Canada has done a good job of managing its economy to avoid disruptions to its banking system, and Bank of Nova Scotia (NYSE:BNS), also known as Scotiabank, has been one of the major beneficiaries of Canada's prudence. The Canadian bank has become increasingly global in its scope, seeking the best opportunities not just within its home country but across the globe. Coming into Tuesday's fiscal fourth-quarter financial report, Scotiabank investors were prepared to see continued growth, and the bank did a good job of meeting those expectations. Let's take a closer look at Scotiabank and whether it can keep climbing higher in the future.
Scotiabank finishes its year on a high note
Scotiabank's fiscal fourth-quarter results marked the end of a successful year for the bank. Total revenue came in at C$6.75 billion, climbing 10% from its year-ago results. Net income was up 9% to C$2.01 billion, and that produced earnings of C$1.57 per share. That was C$0.06 per share higher than the consensus forecast among investors following the bank's stock.
Taking a closer look at how Scotiabank did, the bank had good fundamental performance. Net interest income was up 8%, with growth across its major business areas. Non-interest income climbed a more impressive 12%, with increases in fees helping to push the figure higher. Although non-interest expenses rose 11% from year-ago levels, Scotiabank's provision for credit losses was slightly lower than it as in the previous year's period.
Segment by segment, Scotiabank's Canadian banking business saw net income jump 14%, in part because of its acquisition of a credit card portfolio from JPMorgan Chase. Gains in assets under management, net interest income, and fee revenue were all higher, and even a 21% jump in credit loss provisions wasn't enough to hurt the unit's bottom line. Meanwhile, the international banking segment reported a 9% jump in net income largely on strength in Latin America. Rebounds in the commodities markets helped power a 42% jump in net income from the global banking and markets division. All three major segments helped offset a small loss in the bank's other category.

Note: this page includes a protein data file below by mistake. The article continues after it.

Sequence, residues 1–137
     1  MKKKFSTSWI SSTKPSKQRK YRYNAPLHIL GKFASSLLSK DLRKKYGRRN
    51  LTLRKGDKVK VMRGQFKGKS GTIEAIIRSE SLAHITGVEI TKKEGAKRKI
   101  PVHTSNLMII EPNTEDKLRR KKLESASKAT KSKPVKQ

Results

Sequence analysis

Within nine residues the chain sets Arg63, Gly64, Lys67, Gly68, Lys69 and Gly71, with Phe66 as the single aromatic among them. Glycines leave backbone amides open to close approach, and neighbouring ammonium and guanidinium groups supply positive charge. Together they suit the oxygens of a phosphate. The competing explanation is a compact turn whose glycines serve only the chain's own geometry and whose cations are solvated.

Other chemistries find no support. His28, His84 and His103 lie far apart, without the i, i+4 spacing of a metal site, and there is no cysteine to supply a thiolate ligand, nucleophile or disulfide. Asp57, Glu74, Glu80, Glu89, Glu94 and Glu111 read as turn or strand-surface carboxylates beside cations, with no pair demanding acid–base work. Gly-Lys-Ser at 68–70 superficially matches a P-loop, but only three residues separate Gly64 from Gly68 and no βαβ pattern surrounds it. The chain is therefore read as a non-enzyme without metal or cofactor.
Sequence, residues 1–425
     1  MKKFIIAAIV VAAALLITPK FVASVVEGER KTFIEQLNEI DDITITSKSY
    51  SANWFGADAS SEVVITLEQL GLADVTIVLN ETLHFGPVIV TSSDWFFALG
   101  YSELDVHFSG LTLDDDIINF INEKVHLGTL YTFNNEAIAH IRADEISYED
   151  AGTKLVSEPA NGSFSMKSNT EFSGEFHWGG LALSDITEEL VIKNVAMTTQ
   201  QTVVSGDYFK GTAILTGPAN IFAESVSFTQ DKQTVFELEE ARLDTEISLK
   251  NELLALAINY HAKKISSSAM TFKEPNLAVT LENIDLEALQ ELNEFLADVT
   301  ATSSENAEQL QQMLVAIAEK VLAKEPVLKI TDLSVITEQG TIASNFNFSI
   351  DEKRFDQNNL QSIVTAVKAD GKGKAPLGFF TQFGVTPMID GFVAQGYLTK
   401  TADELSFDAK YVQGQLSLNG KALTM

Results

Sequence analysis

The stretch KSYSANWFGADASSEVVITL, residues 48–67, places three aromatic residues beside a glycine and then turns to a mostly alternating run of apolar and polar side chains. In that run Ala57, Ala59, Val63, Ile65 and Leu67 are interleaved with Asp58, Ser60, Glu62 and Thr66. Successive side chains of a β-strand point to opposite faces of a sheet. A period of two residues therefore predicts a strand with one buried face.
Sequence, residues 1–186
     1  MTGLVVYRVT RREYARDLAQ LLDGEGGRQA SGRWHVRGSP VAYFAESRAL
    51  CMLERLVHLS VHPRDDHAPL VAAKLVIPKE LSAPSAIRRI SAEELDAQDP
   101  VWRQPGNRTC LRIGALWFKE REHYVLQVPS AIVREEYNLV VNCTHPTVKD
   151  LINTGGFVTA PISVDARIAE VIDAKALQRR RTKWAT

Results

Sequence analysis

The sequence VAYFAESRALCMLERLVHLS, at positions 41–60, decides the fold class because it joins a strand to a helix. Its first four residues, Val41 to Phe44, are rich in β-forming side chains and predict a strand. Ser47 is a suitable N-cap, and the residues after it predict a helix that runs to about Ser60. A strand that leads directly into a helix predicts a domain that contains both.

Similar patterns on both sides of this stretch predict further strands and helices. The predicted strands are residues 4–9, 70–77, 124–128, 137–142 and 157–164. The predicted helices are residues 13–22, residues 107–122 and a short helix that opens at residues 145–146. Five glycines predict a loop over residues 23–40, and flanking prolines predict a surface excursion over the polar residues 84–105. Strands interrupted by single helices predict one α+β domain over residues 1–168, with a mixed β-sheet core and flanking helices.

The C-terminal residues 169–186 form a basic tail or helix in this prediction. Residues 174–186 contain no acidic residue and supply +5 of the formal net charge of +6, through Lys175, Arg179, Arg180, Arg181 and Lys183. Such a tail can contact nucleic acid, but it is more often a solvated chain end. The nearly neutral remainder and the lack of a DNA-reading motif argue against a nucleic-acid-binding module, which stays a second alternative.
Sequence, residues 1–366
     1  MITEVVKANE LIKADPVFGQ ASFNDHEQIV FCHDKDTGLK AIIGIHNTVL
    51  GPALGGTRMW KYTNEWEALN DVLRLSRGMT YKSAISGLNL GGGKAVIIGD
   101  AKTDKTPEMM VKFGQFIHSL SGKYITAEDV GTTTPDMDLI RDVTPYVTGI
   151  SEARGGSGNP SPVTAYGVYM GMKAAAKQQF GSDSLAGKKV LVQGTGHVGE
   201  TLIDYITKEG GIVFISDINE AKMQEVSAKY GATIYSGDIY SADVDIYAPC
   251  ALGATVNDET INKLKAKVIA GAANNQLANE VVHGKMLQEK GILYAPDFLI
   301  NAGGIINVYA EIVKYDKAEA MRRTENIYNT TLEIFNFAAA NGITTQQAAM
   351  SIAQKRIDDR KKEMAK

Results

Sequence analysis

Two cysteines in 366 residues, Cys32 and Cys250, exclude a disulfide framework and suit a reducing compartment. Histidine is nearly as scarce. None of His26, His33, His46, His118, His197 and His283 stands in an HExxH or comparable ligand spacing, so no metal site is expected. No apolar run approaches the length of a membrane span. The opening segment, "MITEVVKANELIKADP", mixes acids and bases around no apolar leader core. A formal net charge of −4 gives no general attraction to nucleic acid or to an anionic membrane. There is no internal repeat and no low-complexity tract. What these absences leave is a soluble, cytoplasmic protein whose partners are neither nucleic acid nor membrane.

Scotiabank's credit status also stayed good. The bank posted a common equity tier 1 ratio of 11%, rising from last quarter's 10.5% level and allowing it to pursue strategic initiatives that it hopes will give customers a better banking experience.
CEO Brian Porter was expressed his optimism about Scotiabank's performance. "Continued strong performances in our personal, commercial, and wealth businesses, both in Canada and in our key Pacific Alliance markets, drove solid earnings growth," Porter said. The CEO also pointed to investments in digital technology that were intended to increase efficiency and provide smoother interactions between the bank and its customers.
What's ahead for Scotiabank in 2017?
Scotiabank also sees plenty of opportunity for further growth. In Porter's words, "We continue to strengthen and drive deeper customer relationships to gain profitable market share and grow earnings," and that's a strategy that has paid off in healthier business mixes and better internal returns.
Scotiabank also celebrated the fact that it had made two dividend increases during the fiscal year. The bank's payout remained at C$0.74 per share in the fourth quarter, but increases in the fiscal first and third quarters totaled to a 6% boost in what investors received in dividends.
Investors in Scotiabank applauded the news, sending the stock up nearly 2% in the regular trading session following the bank's morning announcement. With signs that the global economy is starting to perk up and that long-depressed commodity markets might be prepared to stage a longer-term recovery, Scotiabank could find itself in exactly the right place to take maximum advantage of any improvement in business conditions going forward.
Dan Caplinger has no position in any stocks mentioned. The Motley Fool recommends The Bank of Nova Scotia. Try any of our Foolish newsletter services free for 30 days. We Fools may not all hold the same opinions, but we all believe that considering a diverse range of insights makes us better investors. The Motley Fool has a disclosure policy.